MOSCOW: President Vladimir Putin on Wednesday announced a "partial mobilisation" of some 300,000 reservists with immediate effect in the wake of setbacks suffered by Russia in its conflict with Ukraine, saying the measure is necessary as his country is fighting the "entire Western military machine".
Putin made the announcement in a televised address to the nation in which he also said that Russia will use all the means at its disposal to protect its territory, warning the West that "this is not a bluff".
He has already signed an Executive Order for the call-up to start the mobilisation immediately.
The stretched-out frontline, the constant shelling of Russian borderline areas by the Ukrainian military and attacks on liberated regions required the call-up of servicemen from the reserve, Putin said.
His speech comes a day after the Lugansk and Donetsk People's Republics, as well as Russian-controlled Kherson and Zaporozhye regions on Tuesday announced that they would hold referendums on whether to join Russia from September 23-27.
Soon after Putin's address, Russian Defence Minister Sergey Shoigu announced that 300,000 people will be called up for service during the partial mobilisation.
"Three hundred thousand reserve troops will be called up," Shoigu said during a Rossiya-24 TV broadcast.
Putin's announcement was described as a sign of "weakness" by US ambassador in Ukraine Bridget Brink. "Sham referenda and mobilisation are signs of weakness, of Russian failure," Brink tweeted.
"The United States will never recognise Russia's claim to purportedly annexed Ukrainian territory, and we will continue to stand with Ukraine for as long as it takes."
British Defence Secretary Ben Wallace said Putin's decision to mobilise military reservists shows that his invasion is failing.
"He and his Defence Minister have sent tens of thousands of their own citizens to their deaths, ill equipped and badly led," he said in a statement. "No amount of threats and propaganda can hide the fact that Ukraine is winning this war, the international community are united and Russia is becoming a global pariah."
In his speech, Putin accused the West of making attempts to weaken, divide and ultimately destroy Russia.
"They are saying openly now that in 1991 they managed to split up the Soviet Union and now is the time to do the same to Russia, which must be divided into numerous regions that would be at deadly feud with each other," Putin said.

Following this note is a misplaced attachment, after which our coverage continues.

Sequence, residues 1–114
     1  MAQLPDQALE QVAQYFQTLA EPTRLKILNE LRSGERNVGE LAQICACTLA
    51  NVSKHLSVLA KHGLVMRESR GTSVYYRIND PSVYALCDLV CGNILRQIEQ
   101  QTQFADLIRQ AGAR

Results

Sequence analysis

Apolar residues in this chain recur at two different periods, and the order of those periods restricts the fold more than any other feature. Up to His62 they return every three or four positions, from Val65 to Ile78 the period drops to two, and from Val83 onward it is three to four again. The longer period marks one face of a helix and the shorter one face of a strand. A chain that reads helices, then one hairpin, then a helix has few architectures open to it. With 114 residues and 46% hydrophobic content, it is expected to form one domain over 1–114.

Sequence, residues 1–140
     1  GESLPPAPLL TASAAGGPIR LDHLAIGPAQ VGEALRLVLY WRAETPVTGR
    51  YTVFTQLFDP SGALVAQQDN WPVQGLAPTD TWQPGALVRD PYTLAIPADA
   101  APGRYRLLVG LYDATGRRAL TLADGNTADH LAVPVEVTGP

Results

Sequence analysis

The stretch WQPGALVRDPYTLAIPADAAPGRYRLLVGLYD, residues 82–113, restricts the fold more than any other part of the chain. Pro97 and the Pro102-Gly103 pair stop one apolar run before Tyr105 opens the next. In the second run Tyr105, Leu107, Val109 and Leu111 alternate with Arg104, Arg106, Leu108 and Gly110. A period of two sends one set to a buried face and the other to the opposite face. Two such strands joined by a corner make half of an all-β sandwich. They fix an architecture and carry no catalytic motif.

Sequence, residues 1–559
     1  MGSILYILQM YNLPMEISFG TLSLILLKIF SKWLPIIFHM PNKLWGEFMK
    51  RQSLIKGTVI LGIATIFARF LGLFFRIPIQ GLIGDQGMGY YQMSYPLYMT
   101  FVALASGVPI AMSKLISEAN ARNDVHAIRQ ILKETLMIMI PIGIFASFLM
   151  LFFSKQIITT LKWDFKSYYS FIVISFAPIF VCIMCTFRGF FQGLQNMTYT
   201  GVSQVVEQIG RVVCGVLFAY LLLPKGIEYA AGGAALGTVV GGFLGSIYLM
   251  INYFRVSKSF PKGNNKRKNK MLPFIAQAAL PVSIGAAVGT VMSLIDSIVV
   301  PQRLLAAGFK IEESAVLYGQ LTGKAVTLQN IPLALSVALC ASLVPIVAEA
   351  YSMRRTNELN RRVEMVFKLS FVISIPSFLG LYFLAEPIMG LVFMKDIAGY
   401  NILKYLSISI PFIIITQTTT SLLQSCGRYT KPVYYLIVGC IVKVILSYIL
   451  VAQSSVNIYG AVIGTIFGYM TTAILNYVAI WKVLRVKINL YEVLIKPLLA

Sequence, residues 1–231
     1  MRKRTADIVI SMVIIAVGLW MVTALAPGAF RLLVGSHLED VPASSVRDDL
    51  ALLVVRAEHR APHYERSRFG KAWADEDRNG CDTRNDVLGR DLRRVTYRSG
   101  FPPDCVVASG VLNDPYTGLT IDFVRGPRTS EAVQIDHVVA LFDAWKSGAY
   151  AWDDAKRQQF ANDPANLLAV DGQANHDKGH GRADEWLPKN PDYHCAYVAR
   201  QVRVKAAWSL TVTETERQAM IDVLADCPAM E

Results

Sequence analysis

He accused the Ukraine government of bringing foreign mercenaries and nationalists, military units trained according to NATO standards and receiving orders from Western advisers.
"Today our armed forces are fighting on the line of contact that is over 1,000 kilometres long, fighting not only against neo-Nazi units but actually the entire military machine of the collective West," Putin said.
Accusing the US-led West of resorting to nuclear blackmail, Putin said that Russia has different types of weapons as well, and some of them are more modern than the weapons NATO countries have.
"In the event of a threat to the territorial integrity of our country and to defend Russia and our people, we will certainly make use of all weapon systems available to us. This is not a bluff," he warned. "Those who are using nuclear blackmail against us should know that the wind rose can turn around."
Russia will call up reservists who have already served in the army and will arrange for their training. The reservists and Donbass volunteers will be entitled to the same guarantees enjoyed by contract-enlisted servicemen.
Putin said the heads of defence industry enterprises will be directly responsible for attaining the goals of increasing the production of weapons and military equipment and using additional production facilities for this purpose.
Defence Minister Shoigu disclosed that a total of 5,937 Russian troops have died during the military operation in Ukraine while fatalities on the Ukrainian side are ten times higher, with 61,207 Kiev troops killed.
It's the first time that Russia announced its losses during the military operation since late March when the casualties stood at 1,351.